Who are you? The tricky case of verifying online identity

A panel of cybersecurity and privacy experts debate the rising stakes of confirming digital identity and which of the authentication solutions is the most viable

Although more than 90% of UK consumers own a smartphone, our ability to confidently identify whom we interact with online – businesses and individuals – is relatively poor. Digital pioneer Estonia has been joined by Vietnam, Brazil and China in issuing digital ID cards and a working group of eight nations, which includes the UK, is drafting principles for mutually recognised digital ID systems. This would go some way to confirming online identity but there are many other steps to consider.

Matthew Moynahan, president and CEO at OneSpan, uses the acronym CIA – confidentiality, integrity and availability – to explain why establishing a singular digital identity is so desirable. “We’ve largely solved the confidentiality issue. Availability has also been solved, mostly by the cloud. It is the integrity that’s under attack. Digital identity solves the integrity issue associated with end users and can potentially do wonderful things for user experience.”

Are tools enough?

But if digital IDs are the solution to ensure data integrity, how soon before they too are compromised? Kavin Mistry, head of digital marketing and personalisation at TSB Bank, explains: “Fraud has always existed. Social engineering or phishing are the most common types. Hacks in organisations are relatively few and far between.” 

In what can often seem to be a somewhat futile game of whack-a-mole, organisations are frustrated that despite working to ensure cyber security breaches sometimes occur. “When you look at operational failure events, the single common denominator is that organisations are failing despite their investments,” says Stewart Room, partner and global data protection and cybersecurity leader at DWF. “I’ve never seen a case where you find a vacuum of risk management activity. It’s normally stacked to the gills.”

Digital identity solves the integrity issue associated with end users and can potentially do wonderful things for user experience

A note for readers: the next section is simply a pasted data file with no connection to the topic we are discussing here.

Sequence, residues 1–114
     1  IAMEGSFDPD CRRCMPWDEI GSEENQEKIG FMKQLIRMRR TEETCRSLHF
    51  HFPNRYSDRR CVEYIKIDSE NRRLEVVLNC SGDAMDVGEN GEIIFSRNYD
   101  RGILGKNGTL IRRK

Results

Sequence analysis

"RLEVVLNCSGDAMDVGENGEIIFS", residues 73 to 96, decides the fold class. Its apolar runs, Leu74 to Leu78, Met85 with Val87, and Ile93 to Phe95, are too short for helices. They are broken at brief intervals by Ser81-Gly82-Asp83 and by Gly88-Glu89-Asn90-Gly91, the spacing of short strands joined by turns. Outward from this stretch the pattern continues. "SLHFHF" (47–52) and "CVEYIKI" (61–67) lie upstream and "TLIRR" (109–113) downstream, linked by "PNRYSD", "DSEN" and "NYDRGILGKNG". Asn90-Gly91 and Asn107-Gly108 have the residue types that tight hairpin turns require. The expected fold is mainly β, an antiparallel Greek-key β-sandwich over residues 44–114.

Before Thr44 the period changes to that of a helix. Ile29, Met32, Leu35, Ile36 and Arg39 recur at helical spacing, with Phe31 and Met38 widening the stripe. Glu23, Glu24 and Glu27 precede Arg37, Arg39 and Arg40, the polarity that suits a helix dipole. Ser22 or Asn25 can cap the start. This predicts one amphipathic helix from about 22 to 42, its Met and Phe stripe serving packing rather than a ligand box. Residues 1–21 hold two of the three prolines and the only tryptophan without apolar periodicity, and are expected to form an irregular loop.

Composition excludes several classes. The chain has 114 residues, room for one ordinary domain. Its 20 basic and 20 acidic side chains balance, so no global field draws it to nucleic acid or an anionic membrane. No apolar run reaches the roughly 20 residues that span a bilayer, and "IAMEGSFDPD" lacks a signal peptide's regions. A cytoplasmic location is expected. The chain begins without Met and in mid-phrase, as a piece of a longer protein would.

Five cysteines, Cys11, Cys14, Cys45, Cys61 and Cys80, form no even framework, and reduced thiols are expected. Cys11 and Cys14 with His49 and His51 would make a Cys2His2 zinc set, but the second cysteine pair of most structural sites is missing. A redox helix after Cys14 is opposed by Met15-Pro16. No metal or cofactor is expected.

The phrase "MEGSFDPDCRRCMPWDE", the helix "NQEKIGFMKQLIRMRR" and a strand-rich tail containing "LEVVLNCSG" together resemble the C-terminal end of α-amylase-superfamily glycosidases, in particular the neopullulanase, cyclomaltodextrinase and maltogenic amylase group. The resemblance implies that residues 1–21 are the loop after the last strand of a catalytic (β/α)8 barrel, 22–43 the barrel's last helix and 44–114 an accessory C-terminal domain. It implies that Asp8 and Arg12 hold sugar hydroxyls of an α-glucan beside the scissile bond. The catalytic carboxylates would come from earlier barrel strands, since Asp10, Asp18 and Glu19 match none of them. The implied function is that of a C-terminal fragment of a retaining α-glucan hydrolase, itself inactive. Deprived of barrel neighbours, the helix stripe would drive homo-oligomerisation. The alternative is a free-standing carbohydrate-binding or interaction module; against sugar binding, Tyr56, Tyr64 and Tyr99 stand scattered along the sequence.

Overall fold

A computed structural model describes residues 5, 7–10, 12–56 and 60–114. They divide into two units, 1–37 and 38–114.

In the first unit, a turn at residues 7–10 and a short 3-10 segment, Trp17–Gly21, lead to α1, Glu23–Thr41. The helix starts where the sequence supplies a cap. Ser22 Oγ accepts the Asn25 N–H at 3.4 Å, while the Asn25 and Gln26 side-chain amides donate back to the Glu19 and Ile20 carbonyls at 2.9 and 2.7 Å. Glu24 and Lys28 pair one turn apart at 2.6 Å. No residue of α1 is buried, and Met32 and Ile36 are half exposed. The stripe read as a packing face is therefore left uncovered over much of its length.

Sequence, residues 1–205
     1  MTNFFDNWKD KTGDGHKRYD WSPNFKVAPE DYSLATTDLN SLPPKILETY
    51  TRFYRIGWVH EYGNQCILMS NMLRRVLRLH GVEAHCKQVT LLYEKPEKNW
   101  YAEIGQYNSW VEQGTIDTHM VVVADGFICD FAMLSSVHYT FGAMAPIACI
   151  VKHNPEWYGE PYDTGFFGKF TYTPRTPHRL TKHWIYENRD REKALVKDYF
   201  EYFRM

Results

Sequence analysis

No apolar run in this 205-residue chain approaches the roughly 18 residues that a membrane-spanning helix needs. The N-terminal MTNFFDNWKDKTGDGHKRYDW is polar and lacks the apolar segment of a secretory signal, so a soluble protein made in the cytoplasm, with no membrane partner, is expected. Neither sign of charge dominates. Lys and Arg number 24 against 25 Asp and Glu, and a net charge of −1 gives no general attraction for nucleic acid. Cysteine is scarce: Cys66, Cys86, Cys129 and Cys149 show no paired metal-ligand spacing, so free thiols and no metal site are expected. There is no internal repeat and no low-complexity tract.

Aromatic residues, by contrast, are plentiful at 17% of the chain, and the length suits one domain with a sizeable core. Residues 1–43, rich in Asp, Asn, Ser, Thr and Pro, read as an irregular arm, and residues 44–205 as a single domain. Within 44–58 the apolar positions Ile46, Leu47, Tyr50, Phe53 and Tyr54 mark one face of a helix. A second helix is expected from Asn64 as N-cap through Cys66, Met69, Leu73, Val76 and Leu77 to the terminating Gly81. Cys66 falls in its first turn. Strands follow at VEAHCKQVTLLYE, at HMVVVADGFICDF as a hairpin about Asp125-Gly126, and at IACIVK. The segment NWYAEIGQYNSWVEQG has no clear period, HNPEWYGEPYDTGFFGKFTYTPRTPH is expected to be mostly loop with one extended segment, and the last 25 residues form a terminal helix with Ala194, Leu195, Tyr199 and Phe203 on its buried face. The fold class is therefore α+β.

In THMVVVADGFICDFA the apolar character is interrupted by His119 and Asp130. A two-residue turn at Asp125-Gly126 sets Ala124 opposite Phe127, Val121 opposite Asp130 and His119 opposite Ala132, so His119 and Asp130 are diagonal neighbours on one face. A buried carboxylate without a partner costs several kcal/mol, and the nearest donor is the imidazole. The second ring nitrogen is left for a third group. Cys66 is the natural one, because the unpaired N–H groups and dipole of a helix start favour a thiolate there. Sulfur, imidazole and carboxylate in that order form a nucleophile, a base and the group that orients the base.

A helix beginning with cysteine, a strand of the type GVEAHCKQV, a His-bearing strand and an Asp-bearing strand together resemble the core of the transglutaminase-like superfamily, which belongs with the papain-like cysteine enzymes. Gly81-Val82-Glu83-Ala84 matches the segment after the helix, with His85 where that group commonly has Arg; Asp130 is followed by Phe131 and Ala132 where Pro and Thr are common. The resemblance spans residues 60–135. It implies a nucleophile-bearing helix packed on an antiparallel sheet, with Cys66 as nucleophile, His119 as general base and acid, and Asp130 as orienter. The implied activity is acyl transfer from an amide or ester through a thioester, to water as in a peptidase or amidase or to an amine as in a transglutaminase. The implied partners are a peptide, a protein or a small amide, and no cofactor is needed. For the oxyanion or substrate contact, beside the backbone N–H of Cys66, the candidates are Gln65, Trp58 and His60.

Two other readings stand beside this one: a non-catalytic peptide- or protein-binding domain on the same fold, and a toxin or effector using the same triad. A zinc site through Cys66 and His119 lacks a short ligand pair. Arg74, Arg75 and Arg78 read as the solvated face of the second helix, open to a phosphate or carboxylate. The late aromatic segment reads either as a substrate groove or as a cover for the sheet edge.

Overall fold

Karen Jacks is chief technology officer at international law firm Bird & Bird and agrees that secure forms of identity can help. But she observes that even the most secure tools fail if people’s behaviour doesn’t change alongside it and points to the fact that the changing workplace has created new security challenges. “We have a duty of care with many obligations on us as a law firm. We have to balance that with allowing people to work where they want to work, when they want to work.” She suggests a need to “change behaviours and how people look at their security posture, and accept that things aren’t the same as they were 20 years ago.”

Jacks says clients and suppliers should at least match the effort Bird & Bird makes to stay as cyber-healthy as possible: “We spend a lot of time defending our perimeter, multiple factor authentication, for example. If we collaborate with our clients, we expect that they will do the same. We’re continually educating.”

TSB’s Mistry adds that it’s all too easy today to make customers unwitting collaborators in the acts of fraud themselves: “Fraudsters are finding new and innovative ways to reach targets, using some of the techniques that banks themselves use. We find increasingly sophisticated networks of fraudsters using multiple channels that make them look legitimate.”


Balancing security with convenience

No one wants to fall victim to fraud but we live in a ‘convenience-first’ world. Even if they have our best interests at heart, companies that make it difficult for us to buy from are often shunned for those that ‘wave us through’. “In the B2B world, how do we understand who is coming to us through digital channels, while also improving that buying journey and avoiding throwing up too many hurdles? There must be some information exchange to build up trust,” insists Yuri Jurgens, global head of measurement and EMEA digital lead at State Street Global Advisors.